Gluckstein’s Jan Marin on what it takes to make the move to med mal
With complex subject matter, excellent lawyers from well-resourced firms on the other side of the table and a high probability of cases going to trial, there’s no debating that medical malpractice is a very intimidating area of law. But these cases are also very rewarding, says Jan Marin, senior associate and lawyer at Gluckstein Lawyers.
“My clients have been significantly impacted by medical error. I want to help them move forward, both in terms of determining what happened and obtaining a financial award on their behalf” she says. “I personally find it so interesting — I look at many of my new cases as mysteries. I need to figure out what happened and why.”
Marin got her first taste of the practice area as a junior lawyer at Gluckstein, where she worked alongside a senior medical negligence lawyer and soon found she enjoyed these specialized cases. Partnering with a more experienced lawyer is her number one tip for anyone interested in running medical malpractice cases because “they can try it out without getting in over their head. They will be mentored throughout the process and will be able to experience it without having to switch law firms or completely shift their career,” Marin says.
Now a leading lawyer in the area herself, Marin is often asked by lawyers who don’t specialize in medical malpractice to lend a hand, whether she acts as co-counsel throughout or is brought in early to help vet the case. With a steep learning curve in terms of case selection, partnering also helps less experienced lawyers master that imperative skill. You can have a really bad experience doing a medical malpractice one-off if you’ve not chosen the right case “and just get steamrolled,” Marin notes, which discourages lawyers from pursuing medical malpractice cases in the future. It’s crucial to give yourself the information in the early stages so your time and money is put into cases that have a higher likelihood of success, she says, adding she does an initial high level investigation including reviewing pertinent records and consulting experts before giving the client an opinion on whether their case is viable.
It’s also key that any lawyer considering the medical malpractice field is willing to wade into the medical aspect of cases, something Marin says “really fascinates me.” Her favourite part is “digging into a case when it first comes in,” when she takes a thorough dive into the subject matter. Often, she conducts her own medical research and subscribes to various medical publications for that purpose. Though complicated and time-consuming, “it’s not a chore — I enjoy that part quite a bit. To be really successful in any area of law, you need to be interested in it.”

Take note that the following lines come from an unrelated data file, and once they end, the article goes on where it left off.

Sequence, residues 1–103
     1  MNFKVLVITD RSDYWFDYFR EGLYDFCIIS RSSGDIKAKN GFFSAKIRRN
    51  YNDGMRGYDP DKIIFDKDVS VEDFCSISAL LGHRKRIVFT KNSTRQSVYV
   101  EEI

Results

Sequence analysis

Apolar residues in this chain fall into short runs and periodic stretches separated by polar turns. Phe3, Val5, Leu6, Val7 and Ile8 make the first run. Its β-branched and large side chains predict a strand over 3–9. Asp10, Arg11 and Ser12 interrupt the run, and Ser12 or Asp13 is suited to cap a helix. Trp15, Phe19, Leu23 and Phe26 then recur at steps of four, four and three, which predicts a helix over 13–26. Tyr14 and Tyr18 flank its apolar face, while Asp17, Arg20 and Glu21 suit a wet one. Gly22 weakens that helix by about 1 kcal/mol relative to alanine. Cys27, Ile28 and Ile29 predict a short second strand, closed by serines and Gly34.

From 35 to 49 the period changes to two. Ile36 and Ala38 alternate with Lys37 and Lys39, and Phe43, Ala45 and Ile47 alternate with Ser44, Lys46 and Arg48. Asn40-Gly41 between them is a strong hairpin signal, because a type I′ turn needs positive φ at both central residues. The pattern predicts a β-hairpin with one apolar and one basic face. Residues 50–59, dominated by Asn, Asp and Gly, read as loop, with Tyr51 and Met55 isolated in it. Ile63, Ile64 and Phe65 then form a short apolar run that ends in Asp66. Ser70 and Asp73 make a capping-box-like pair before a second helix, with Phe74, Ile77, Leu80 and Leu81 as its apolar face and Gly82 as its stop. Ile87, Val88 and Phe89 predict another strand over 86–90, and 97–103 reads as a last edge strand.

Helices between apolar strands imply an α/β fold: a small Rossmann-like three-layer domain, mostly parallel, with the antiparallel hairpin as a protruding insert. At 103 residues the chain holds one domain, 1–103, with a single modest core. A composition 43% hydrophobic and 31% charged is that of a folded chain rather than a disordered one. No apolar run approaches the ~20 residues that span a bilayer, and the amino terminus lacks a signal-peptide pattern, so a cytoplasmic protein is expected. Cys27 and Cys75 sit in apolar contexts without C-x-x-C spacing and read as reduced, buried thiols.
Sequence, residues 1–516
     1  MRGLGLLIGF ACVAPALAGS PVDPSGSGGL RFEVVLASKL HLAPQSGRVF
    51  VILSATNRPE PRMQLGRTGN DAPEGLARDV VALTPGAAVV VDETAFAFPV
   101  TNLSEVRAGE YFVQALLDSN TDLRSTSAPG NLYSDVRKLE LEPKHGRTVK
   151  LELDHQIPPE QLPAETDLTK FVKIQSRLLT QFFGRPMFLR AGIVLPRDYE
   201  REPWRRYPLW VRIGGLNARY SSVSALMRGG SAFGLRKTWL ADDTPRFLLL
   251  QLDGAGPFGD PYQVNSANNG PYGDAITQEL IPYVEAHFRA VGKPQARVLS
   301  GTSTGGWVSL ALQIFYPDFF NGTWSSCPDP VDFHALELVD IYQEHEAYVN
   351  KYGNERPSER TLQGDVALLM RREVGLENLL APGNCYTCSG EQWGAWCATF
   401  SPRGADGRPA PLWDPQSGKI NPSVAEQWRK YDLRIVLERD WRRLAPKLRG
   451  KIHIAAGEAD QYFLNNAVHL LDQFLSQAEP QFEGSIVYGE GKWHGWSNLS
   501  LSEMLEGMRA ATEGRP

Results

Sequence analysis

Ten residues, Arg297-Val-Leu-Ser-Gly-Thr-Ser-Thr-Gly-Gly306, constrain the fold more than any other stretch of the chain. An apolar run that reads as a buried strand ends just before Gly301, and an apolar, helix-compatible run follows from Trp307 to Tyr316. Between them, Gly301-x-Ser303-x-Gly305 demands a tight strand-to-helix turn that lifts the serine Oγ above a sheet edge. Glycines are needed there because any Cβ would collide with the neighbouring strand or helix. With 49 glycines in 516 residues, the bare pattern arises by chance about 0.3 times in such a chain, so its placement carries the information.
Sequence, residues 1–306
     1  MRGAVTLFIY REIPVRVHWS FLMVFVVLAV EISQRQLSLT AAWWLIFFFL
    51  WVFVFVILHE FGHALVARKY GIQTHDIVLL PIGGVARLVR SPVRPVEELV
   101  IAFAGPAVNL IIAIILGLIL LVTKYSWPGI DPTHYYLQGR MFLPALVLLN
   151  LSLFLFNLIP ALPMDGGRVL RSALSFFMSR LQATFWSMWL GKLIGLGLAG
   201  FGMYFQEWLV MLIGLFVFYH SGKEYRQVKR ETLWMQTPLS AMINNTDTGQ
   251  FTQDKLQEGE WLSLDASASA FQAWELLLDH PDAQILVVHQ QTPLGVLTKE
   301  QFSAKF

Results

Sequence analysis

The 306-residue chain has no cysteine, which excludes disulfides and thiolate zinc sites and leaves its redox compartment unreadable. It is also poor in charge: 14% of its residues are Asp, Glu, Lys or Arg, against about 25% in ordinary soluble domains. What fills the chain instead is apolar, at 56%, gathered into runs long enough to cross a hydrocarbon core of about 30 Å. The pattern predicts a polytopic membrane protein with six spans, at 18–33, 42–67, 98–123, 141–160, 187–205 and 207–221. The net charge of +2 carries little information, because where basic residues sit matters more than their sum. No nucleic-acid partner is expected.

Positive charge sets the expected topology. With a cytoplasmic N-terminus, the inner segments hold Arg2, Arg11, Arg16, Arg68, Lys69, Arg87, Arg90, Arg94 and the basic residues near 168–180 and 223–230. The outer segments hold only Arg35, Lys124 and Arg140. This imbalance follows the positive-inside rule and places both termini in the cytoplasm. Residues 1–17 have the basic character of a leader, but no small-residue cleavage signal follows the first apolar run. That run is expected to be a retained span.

Marin also cautions that if you don’t enjoy going to trial, this probably isn’t the area of practice for you, because these cases certainly go to trial more frequently than other areas of personal injury.
“At Gluckstein, we’ve always felt that a willingness to take the case to trial increases our reputation amongst the bar as lawyers who take these matters seriously and are willing to take them as far as they need to go,” she says — but she adds it can be expensive to do so.
Somebody practicing on their own might be concerned about the level of disbursements they’d have to incur and because these cases require medical expertise of each type of health care provider who is sued, and often another opinion on causation. This can quickly become very expensive. It’s important to learn from those with experience to ensure you are getting the right opinions and doing so in the right order. Marin also notes that these matters require a willingness to put significant time and thought into case preparation as examining a physician on their area of expertise can be challenging.
"As people who aren’t trained physicians we need to know our case really well,” Marin says, noting a mentor once told her that for every hour he examines medical negligence defendants at a discovery he’s putting in a day of work. “Preparation is important for any kind of case, but a medical negligence case requires intense preparation.”
As important as it is for junior lawyers or lawyers in other areas interested in making the switch or to test the waters, Marin cautions it’s a difficult area to dabble in. If you’re only doing a case here or there it’s hard to pick up on the nuances. Ultimately Marin wanted to specialize in an area of law and found that medical negligence cases — while intimidating and substantially more work — pushed her to be a better lawyer. There’s also a lot of support, she notes. While there’s a lot of competition in certain areas of personal injury, the same isn’t true in the medical negligence field.
“It’s a great, collaborative group of people all of whom, in my experience, are willing to discuss your cases and share their experience in various areas of medical malpractice.”
For those interested in learning more about the field, Gluckstein’s bi-annual Medical Malpractice Conference – Risky Business — is free of charge and showcases a variety of speakers, including senior medical malpractice lawyers and other experts in the industry.